SugarCRM Sweetens Open Source CRM

Sean Michael

Updated · Dec 13, 2005

SugarCRM 4.0 is set to debut this week with new features in the commercial open source CRM enhanced workflow, reporting and marketing automation software.

The latest version is the seventh major release since SugarCRM started back in April 2004 in an effort to take on the CRM market with an open source development. Version 2.5 was released at the beginning of the year.

The company now claims more than 400,000 downloads of its SugarSuite of products since inception and a community of some 10,000 members, 3,000 of whom are developers.

On the commercial side, the company claims 300 customers of its Professional and Enterprise editions.

Among the new features in SugarCRM 4.0 is a rule-based intelligent workflow automation layer. John Roberts, CEO of SugarCRM, explained that, for example, when an opportunity is closed it automatically generates a new project, assigns project members and sends alerts out. The new workflow automation also includes time based alerts that will notify users if a certain opportunity or lead sits idle for a specified period of time.

Marketing automation has also been improved in the new version.

“In version 3.5 we introduced a very robust campaign manager module and now we've added advanced marketing automation,” Roberts told “So now you can create an outbound e-mail campaign, set it for a certain date, it automatically compiles results in terms of who opened and responded to the campaign and then generates a report automatically.”

Inbound e-mail collaboration improvement now enables SugarCRM to take inbound e-mail and determine whether to direct to customer support or lead generation and then it will assign the appropriate personal and generate alerts as well. Expanded reporting capabilities have also been included in the new version such that users can generate flash based charts and then publish to their dashboard.

Roberts said the relatively rapid release rate of SugarCRM is not a detriment to enterprise adoption.

“I do completely respect the fact that we have some pretty large companies that go live on a release and want to stay on that release for a year or a year and a half,” he said. “We do respect that and we do continue to support our earlier editions.”

Formal technical support is part of SugarCRM Professional and Enterprise Editions. The commercial versions also add technical support as well as some additional functionality over the open source version.

“Where we landed in our variant of commercial open source is there has to be some difference you can't just sell distributions and support,” Roberts said. “Ultimately it's about the software and projects only grow when people tell their friends ‘wow this is really great software and as a result the better the software the less support it needs.”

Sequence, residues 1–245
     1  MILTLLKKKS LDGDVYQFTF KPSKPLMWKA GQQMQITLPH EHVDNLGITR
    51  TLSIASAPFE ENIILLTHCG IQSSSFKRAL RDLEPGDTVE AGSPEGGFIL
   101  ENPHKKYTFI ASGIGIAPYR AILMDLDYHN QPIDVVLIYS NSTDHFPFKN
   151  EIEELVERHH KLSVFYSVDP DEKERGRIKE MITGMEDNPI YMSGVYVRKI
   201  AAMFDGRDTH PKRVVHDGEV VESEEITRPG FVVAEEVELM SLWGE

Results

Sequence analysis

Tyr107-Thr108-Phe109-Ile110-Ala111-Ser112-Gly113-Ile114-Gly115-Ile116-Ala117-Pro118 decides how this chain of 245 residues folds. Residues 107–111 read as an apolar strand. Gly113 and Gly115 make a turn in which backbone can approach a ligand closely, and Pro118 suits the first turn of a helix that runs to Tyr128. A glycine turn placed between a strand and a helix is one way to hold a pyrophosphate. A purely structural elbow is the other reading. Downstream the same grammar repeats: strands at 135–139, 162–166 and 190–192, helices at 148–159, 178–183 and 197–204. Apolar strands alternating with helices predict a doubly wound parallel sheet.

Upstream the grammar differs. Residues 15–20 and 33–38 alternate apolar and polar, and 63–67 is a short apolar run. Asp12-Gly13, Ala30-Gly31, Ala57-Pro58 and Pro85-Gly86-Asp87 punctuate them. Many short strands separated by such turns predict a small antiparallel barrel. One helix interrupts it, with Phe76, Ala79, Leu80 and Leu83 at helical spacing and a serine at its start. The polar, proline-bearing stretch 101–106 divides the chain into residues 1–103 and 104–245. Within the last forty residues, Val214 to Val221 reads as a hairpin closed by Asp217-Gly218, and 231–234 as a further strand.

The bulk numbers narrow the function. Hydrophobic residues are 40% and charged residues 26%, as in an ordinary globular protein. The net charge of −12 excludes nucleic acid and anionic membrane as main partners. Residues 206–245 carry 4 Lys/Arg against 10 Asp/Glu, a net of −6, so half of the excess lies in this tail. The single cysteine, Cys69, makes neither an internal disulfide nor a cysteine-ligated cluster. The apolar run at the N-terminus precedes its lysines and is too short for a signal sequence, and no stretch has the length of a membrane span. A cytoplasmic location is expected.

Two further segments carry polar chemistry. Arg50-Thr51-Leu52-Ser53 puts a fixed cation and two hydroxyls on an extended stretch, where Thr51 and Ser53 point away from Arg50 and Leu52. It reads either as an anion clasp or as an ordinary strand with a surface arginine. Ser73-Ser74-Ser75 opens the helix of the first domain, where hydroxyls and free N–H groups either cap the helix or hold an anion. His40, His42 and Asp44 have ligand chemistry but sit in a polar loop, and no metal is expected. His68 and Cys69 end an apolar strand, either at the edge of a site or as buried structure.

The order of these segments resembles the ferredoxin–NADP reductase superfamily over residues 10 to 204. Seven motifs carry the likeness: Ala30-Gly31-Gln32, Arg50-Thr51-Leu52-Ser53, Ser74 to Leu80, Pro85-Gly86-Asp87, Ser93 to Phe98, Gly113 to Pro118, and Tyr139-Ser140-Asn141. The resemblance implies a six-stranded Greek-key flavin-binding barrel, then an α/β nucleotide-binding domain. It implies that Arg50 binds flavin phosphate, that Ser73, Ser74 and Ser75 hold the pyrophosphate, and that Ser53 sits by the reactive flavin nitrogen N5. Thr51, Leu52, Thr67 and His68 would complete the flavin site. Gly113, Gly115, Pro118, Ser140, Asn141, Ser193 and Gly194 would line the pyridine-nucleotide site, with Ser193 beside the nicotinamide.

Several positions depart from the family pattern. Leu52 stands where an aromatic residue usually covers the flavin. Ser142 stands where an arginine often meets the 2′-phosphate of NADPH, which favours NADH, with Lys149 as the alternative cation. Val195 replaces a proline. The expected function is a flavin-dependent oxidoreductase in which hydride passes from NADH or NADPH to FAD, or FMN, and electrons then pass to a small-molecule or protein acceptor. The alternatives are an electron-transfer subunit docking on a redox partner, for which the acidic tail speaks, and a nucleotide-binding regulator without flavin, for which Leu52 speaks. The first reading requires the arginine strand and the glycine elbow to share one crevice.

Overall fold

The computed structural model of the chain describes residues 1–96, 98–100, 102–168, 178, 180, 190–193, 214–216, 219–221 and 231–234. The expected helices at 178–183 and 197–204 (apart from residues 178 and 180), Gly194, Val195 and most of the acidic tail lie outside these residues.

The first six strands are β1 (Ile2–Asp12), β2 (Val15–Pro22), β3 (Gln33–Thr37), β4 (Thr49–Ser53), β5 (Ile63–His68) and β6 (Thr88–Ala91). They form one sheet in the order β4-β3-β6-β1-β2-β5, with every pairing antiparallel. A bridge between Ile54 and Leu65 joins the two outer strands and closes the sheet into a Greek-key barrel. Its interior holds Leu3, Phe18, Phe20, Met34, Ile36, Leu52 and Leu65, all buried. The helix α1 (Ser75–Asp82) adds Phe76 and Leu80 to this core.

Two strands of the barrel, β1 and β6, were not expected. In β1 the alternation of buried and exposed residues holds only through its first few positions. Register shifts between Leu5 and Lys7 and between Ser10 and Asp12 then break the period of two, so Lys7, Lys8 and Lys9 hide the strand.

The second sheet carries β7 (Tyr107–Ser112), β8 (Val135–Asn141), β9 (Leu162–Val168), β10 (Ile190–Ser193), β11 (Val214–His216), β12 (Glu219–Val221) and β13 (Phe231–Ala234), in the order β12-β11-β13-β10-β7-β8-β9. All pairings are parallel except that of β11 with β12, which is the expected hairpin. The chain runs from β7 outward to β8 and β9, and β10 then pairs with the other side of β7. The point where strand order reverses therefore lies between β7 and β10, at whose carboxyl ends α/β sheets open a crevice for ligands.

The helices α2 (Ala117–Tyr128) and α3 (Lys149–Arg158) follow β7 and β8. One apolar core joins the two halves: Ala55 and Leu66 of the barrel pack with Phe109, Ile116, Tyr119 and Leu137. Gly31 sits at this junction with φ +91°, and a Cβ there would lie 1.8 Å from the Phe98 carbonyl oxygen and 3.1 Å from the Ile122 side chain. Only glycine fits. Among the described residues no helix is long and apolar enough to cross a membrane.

“So if you're going to base your total revenue stream on the value proposition that the users will need support, well that could be a problem.”

Though they add some additional features the Professional and Enterprise editions are still not proprietary software applications. They are both what Roberts called “supersets” of the exact same source code tree as the open source version and SugarCRM provides the full source code.

“The only real difference is that it's under a one page commercial license that basically says you can't re-distribute it,” Roberts said.

Roberts also recognizes that the open source community around SugarCRM, located at also provides competitive features extensions called “modules” to those found in the commercial versions of SugarCRM that his company sells.

“For us we have to have a level playing field. We try and keep a clear separation between the project and the company and it seems to be working,” Roberts said. “We're just as much into generating revenue for developers that are building extensions modules just as much as we are building a company.”

For those that do buy the Professional and Enterprise Editions of SugarCRM, Roberts argues that they really aren't buying open source, but rather they are buying software.

“They get the benefits of a strong project with a large developer community and a large number of consultants around the world that can compete for custom work for them which reduces cost.”

  • CRM
  • News
  • Sean Michael
    Sean Michael

    Sean Michael is a writer who focuses on innovation and how science and technology intersect with industry, technology Wordpress, VMware Salesforce, And Application tech. TechCrunch Europas shortlisted her for the best tech journalist award. She enjoys finding stories that open people's eyes. She graduated from the University of California.

    Read next